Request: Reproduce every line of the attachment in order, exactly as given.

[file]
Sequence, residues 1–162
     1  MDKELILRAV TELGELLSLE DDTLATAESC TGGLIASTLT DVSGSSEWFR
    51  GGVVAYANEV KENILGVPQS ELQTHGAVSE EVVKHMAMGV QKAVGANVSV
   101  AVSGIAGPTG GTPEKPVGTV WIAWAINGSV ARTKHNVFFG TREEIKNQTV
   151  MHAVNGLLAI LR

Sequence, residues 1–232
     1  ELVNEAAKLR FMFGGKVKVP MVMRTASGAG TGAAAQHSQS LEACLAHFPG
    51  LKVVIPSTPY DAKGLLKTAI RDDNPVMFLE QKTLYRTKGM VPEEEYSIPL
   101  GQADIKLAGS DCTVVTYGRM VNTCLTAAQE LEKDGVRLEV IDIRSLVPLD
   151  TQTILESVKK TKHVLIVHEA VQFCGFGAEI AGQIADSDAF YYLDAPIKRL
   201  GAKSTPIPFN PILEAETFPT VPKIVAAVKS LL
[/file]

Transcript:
Sequence, residues 1–162
     1  MDKELILRAV TELGELLSLE DDTLATAESC TGGLIASTLT DVSGSSEWFR
    51  GGVVAYANEV KENILGVPQS ELQTHGAVSE EVVKHMAMGV QKAVGANVSV
   101  AVSGIAGPTG GTPEKPVGTV WIAWAINGSV ARTKHNVFFG TREEIKNQTV
   151  MHAVNGLLAI LR

Sequence, residues 1–232
     1  ELVNEAAKLR FMFGGKVKVP MVMRTASGAG TGAAAQHSQS LEACLAHFPG
    51  LKVVIPSTPY DAKGLLKTAI RDDNPVMFLE QKTLYRTKGM VPEEEYSIPL
   101  GQADIKLAGS DCTVVTYGRM VNTCLTAAQE LEKDGVRLEV IDIRSLVPLD
   151  TQTILESVKK TKHVLIVHEA VQFCGFGAEI AGQIADSDAF YYLDAPIKRL
   201  GAKSTPIPFN PILEAETFPT VPKIVAAVKS LL